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I have the following sequence: $$a_n =\sum_{k = 1}^n (-1)^{b_k} {1\over k^2} $$ And the hint is that I have to prove that: $$ {1\over k^2} < {1\over k-1} - {1\over k} $$

So assuming $m>n$, I have to prove that: $$\forall \epsilon >0, \exists N \in \mathbb{N},$$ so that $$ \forall m,n > N \Rightarrow \lvert a_m - a_n\rvert < \epsilon $$

What I gathered so far: $ \lvert a_m - a_n\rvert = \lvert \sum_{k = n+1}^m (-1)^{b_k} {1\over k^2}\rvert $

$b_k$ is a sequence of natural numbers ${1,2,3.....}$, so in absolute value, $(-1)^{b_k} $ is $1$. Therefore:

$ \lvert a_m - a_n\rvert = \lvert \sum_{k = n+1}^m (-1)^{b_k} {1\over k^2}\rvert \leq \sum_{k = n+1}^m {1\over k^2}. $

From here on, its not so clear to me as to how to proceed. What should be my next steps?

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    $\begingroup$ Note that (as suggested in one of the edits) the last equality in the last line should be an inequality $\leq$. $\endgroup$ – Yanko Dec 9 '18 at 10:50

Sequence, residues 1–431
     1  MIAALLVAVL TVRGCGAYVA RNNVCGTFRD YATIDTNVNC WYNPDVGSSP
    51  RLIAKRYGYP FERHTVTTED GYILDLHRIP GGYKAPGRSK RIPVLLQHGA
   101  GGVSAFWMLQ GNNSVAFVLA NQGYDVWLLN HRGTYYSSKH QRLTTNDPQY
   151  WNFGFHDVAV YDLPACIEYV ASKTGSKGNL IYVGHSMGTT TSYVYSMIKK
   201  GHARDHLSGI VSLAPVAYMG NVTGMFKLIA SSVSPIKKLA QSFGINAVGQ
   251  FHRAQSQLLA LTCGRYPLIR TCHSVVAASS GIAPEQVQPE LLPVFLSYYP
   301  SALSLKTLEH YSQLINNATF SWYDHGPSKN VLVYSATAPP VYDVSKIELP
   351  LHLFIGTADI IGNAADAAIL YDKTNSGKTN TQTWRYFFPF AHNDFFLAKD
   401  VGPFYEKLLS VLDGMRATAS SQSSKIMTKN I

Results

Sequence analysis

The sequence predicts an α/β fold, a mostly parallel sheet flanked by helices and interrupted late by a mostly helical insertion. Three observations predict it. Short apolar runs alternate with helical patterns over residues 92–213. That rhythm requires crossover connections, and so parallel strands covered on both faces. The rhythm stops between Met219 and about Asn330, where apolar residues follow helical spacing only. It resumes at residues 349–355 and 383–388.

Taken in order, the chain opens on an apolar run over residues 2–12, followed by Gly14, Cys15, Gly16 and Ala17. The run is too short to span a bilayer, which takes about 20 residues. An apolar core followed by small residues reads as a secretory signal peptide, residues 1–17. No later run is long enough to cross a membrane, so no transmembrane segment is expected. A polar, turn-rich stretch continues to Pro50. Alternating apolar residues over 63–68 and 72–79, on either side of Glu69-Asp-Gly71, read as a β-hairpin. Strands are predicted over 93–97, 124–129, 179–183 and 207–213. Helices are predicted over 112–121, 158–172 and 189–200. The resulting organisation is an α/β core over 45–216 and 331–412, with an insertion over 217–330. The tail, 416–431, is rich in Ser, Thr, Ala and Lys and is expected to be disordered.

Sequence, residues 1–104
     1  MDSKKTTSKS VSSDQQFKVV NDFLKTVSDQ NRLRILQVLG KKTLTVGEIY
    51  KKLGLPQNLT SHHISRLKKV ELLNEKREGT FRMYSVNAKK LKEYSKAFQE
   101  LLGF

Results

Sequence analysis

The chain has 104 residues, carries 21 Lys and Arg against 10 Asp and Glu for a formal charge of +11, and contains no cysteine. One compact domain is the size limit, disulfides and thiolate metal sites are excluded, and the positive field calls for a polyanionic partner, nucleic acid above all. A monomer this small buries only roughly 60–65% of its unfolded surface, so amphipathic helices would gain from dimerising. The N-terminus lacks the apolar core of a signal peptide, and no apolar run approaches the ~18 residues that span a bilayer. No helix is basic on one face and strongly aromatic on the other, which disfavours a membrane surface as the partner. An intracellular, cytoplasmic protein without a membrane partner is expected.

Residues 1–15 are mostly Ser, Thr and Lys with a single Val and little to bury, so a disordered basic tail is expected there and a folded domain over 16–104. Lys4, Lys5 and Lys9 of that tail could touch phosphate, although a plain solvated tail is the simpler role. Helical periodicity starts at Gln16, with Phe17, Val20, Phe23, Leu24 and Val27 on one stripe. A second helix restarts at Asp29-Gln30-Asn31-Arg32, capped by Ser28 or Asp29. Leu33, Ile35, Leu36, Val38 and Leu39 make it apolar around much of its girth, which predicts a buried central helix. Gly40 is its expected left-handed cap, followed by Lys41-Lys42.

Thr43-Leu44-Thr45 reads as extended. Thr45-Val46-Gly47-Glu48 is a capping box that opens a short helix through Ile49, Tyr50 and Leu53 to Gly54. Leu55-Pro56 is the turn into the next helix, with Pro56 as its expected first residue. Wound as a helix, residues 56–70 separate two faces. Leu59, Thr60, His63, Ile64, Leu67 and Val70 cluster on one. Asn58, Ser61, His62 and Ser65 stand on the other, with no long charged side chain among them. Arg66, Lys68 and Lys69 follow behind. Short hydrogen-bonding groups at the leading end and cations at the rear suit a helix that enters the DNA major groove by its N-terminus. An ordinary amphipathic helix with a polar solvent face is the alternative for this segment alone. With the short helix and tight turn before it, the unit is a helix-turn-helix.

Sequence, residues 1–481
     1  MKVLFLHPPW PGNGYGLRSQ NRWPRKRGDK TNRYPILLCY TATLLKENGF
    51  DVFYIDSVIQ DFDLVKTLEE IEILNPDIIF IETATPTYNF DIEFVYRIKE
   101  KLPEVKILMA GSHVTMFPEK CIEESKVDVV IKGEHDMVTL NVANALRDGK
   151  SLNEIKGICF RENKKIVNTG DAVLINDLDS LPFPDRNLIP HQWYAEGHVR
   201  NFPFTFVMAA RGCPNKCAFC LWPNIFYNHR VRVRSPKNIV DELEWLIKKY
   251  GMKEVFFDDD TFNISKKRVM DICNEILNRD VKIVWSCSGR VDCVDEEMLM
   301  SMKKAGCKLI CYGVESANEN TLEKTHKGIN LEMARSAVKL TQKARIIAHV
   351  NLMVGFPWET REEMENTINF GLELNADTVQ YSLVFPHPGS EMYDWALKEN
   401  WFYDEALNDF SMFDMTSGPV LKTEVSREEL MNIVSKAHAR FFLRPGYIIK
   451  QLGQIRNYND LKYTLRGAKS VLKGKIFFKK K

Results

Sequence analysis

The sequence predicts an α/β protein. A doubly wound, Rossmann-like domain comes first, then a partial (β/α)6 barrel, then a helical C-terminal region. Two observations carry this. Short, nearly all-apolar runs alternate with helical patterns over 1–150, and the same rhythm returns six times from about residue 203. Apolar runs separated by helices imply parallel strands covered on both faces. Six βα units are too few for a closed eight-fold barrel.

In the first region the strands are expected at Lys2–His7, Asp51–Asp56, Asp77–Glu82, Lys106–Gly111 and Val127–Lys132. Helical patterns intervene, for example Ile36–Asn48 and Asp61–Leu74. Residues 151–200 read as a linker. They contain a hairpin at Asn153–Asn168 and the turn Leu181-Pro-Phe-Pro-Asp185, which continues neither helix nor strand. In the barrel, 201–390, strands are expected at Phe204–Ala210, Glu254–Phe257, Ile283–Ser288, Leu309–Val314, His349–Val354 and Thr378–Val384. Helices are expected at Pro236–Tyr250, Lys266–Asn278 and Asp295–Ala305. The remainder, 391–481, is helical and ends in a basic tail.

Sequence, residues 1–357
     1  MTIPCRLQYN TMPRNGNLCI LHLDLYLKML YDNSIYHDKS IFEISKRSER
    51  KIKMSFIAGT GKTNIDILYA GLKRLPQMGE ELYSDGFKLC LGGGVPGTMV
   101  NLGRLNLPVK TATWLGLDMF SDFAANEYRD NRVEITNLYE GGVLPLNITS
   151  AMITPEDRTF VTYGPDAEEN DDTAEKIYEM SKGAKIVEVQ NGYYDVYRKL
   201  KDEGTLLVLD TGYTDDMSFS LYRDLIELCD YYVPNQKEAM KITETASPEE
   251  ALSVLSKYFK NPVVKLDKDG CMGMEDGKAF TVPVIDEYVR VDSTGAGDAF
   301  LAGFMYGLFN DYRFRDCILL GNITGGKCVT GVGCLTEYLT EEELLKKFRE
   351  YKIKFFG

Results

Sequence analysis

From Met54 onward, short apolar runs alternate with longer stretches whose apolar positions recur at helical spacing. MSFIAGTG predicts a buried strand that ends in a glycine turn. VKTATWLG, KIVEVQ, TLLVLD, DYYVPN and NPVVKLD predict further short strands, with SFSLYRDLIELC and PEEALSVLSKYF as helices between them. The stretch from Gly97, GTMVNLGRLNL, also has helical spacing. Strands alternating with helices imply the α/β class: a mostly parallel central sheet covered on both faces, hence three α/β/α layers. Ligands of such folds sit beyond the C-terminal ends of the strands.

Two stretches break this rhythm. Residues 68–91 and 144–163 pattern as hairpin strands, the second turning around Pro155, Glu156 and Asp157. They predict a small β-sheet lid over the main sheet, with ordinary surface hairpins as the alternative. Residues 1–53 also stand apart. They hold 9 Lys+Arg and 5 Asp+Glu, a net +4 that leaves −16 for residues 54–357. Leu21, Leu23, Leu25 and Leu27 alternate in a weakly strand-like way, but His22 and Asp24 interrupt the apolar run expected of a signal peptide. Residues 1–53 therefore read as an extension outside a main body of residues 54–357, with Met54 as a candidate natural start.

• $\begingroup$ Just saw it, fixed, thanks a lot :) $\endgroup$ – Tegernako Dec 9 '18 at 10:51
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You're almost done. Since $\frac{1}{k^2} \leq \frac{1}{k-1}-\frac{1}{k}$ you have that

$$\sum_{k = n+1}^m {1\over k^2}\leq\sum_{k=n+1}^m \left[\frac{1}{k-1}-\frac{1}{k}\right]$$ This is a telescoping series which is equal to $\frac{1}{n}-\frac{1}{m}$. It converges to zero as $n,m\rightarrow 0$.

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  • $\begingroup$ Exactly! Thanks. $\endgroup$ – Tegernako Dec 9 '18 at 10:41
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Now, use the fact that$$\sum_{k=n+1}^m\frac1{k^2}<\sum_{k=n+1}^m\frac1k-\frac1{k-1}=\frac1n-\frac1m.$$

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    $\begingroup$ I've edited my answer. Thank you. $\endgroup$ – José Carlos Santos Dec 9 '18 at 10:39
  • $\begingroup$ Seems like I went into paralysis by analysis trying to over-express the sum I had. Thanks! $\endgroup$ – Tegernako Dec 9 '18 at 10:40
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    $\begingroup$ Why do we need the hint? Can't we simply say that as $\sum_{k=1}^\infty \frac{1}{k^2}$ is convergent, we know that that $\sum_{k=n}^\infty \frac{1}{k^2}$ converges to $0$ as $n \to \infty$ which shows the claim, too. $\endgroup$ – Jonas Lenz Dec 9 '18 at 10:44
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    $\begingroup$ In order to prove that, for each $\varepsilon>0$, $\sum_{k=n+1}^m\frac1{k^2}<\varepsilon$, if $m$ and $n$ are large enough. $\endgroup$ – José Carlos Santos Dec 9 '18 at 10:46
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    $\begingroup$ @JonasLenz I guess that is how one shows that $\sum_{k=1}^\infty \frac{1}{k^2}$ convergent. $\endgroup$ – Yanko Dec 9 '18 at 10:49

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